“This Legislature had the opportunity to support meaningful reform ... and they chose not to,” she wrote in a statement, referencing the pieces eliminated in the final compromise version.

What didn’t make the cut of the final bill:

Allowing judges discretion over sentences for certain drug crimes that currently have required amounts of time that defendants must serve, called “mandatory minimum” sentences.

Permitting prison inmates convicted of nonviolent felonies to be released after serving a minimum 65 percent of their sentence if they have good behavior and participate in educational and rehabilitative programs (current law is 85 percent).

Retroactive re-sentencing for people who were convicted of aggravated assault back when the state’s punishment for that crime was harsher than it is now.

Email messages between House and Senate staff obtained by the Herald/Times show that the House had, at one point last week, been “comfortable” with modified language related to giving judges more discretion over sentences for nonviolent drug crimes, reducing the length of some sentences.

But that didn’t make it into the final bill.

“If you think of it as a boat, with people in that boat, if you keep adding people with new ideas, the boat can capsize and sink,” Renner explained when asked about the omission of judicial discretion. “This needs to be done incrementally, in my opinion. … What we’ve got is a product that won’t in any way jeopardize public safety.”

Despite some lukewarm support for giving judges more sentencing discretion, Gov. Ron DeSantis poured cold water on the idea of letting inmates out after serving 65 percent of their sentence, likely one of the reasons that piece was scrapped.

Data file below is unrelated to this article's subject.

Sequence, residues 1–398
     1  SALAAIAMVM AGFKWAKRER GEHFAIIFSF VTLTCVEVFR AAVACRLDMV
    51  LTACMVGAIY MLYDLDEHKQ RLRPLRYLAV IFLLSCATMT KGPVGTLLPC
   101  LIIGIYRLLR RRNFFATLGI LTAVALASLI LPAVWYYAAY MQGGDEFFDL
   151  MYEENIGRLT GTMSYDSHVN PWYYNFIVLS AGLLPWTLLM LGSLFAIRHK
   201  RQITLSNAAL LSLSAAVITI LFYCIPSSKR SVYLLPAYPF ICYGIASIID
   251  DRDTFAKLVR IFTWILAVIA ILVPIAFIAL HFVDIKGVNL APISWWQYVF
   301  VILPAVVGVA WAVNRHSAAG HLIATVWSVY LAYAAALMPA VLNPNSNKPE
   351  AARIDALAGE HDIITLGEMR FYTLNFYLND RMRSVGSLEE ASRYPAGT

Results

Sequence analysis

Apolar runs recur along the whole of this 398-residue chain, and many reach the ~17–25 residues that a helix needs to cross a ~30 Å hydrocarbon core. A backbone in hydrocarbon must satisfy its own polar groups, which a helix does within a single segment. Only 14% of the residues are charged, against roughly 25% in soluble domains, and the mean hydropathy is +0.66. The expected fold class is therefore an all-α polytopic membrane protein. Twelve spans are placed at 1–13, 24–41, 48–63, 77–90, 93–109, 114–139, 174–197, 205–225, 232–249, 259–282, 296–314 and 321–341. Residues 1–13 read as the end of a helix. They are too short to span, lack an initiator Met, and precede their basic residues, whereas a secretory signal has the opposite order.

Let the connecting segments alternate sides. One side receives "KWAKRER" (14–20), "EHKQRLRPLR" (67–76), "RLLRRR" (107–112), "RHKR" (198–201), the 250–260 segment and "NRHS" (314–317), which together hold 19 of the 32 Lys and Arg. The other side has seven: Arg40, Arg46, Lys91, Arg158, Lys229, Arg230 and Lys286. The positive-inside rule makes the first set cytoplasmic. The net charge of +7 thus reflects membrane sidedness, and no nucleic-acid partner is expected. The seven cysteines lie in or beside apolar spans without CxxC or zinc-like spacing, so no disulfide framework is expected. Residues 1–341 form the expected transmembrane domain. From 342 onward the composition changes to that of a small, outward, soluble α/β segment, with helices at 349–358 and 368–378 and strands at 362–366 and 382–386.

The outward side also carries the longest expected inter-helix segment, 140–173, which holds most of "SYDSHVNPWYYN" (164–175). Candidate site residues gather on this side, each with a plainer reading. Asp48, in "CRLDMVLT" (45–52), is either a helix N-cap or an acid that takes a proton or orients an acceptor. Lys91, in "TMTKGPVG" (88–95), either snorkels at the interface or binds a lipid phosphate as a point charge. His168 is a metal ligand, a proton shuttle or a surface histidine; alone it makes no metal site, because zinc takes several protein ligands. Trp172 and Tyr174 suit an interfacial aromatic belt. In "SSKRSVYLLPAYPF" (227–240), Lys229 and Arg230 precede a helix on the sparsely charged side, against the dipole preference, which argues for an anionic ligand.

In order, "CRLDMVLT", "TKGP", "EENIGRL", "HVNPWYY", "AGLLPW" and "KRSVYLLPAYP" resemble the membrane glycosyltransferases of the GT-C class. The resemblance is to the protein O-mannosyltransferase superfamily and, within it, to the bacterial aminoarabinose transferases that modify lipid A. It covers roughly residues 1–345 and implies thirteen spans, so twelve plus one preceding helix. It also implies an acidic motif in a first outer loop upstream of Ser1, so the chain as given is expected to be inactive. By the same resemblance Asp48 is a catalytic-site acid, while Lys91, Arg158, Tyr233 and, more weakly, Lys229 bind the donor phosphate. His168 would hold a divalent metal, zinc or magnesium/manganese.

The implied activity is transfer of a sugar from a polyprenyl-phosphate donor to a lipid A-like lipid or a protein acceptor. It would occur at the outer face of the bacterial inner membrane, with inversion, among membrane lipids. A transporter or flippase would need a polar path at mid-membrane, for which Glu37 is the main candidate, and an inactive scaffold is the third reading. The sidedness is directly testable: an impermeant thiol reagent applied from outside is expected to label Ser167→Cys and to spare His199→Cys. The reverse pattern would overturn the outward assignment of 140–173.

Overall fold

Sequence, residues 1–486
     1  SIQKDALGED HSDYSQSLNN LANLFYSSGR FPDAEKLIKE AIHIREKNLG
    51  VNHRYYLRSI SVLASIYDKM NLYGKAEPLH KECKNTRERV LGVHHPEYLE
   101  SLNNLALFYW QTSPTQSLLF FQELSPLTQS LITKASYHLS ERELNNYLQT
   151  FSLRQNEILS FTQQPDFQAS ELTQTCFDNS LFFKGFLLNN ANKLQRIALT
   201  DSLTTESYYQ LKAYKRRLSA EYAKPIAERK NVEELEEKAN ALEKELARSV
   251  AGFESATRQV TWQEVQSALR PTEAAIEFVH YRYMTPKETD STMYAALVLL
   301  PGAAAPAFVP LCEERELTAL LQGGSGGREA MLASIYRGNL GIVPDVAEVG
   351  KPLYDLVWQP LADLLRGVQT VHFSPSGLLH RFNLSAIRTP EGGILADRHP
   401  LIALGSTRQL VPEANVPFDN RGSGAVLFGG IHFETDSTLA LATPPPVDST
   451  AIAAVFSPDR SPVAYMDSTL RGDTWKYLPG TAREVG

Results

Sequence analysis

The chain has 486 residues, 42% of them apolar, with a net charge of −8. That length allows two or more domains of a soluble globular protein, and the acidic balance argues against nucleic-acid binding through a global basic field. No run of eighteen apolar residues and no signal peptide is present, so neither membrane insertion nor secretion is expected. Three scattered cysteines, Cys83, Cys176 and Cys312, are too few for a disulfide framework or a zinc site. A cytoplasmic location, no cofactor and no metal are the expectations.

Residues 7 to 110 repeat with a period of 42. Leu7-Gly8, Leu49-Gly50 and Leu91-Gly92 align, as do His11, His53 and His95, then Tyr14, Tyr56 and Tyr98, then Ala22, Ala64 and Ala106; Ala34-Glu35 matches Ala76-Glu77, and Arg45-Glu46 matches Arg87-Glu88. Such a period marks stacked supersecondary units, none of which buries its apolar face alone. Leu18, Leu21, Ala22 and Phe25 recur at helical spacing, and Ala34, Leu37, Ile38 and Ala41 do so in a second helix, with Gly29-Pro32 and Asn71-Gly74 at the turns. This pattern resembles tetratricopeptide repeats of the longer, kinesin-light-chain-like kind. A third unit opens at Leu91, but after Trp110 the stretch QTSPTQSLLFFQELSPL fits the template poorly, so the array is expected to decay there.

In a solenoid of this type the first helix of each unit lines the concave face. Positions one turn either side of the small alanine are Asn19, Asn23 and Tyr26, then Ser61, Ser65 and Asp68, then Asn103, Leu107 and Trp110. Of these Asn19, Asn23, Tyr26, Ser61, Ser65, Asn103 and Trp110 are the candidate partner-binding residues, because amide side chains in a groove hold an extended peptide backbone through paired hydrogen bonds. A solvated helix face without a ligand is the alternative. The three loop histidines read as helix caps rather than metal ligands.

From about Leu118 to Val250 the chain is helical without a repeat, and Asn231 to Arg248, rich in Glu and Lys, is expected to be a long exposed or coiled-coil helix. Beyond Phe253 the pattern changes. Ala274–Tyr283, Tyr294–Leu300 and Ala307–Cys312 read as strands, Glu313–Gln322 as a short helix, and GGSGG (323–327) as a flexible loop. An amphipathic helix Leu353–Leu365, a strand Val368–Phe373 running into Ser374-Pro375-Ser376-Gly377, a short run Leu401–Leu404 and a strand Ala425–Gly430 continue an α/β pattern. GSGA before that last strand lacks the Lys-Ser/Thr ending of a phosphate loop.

As part of the analysis conducted to evaluate the impact of Brandes’ original bill, state analysts crunched the numbers as to what would happen if inmates were allowed to be released earlier. The answer was eye-popping: By 2024, $860 million would be saved and about 9,000 additional prisoners would be released. That analysis could make advocating for this policy easier in the future, Brandes said.

The bill passed with only one “no” vote in the Senate, which came from Sen. Randolph Bracy, D-Orlando, who praised Brandes’ efforts but said that he, too, was frustrated with the compromise.

“Honestly, I’m tired of submitting to the will of the House on these types of issues,” he said.

Still, the willingness of the House, traditionally the more tough-on-crime chamber, to cobble together a criminal justice reform package of this size shows a shift of tone, however subtle, toward reducing Florida’s burgeoning prison population.

Friday’s bill also creates a task force to reevaluate Florida’s entire criminal punishment code, and whether the set punishments fit the crime.

House Speaker José Oliva said that this bill is the result of several years of discussion on this issue. Lawmakers in both the House and Senate have said they intend on taking up some of the issues that failed next year.

“Sometimes ideas take time for people to understand and to have a chance to really let set in. For a lot of years the idea was being tough on crime,” Oliva said recently. He added, though, that data showing the harms of these policies “started a conversation. I think that conversation is now maturing.”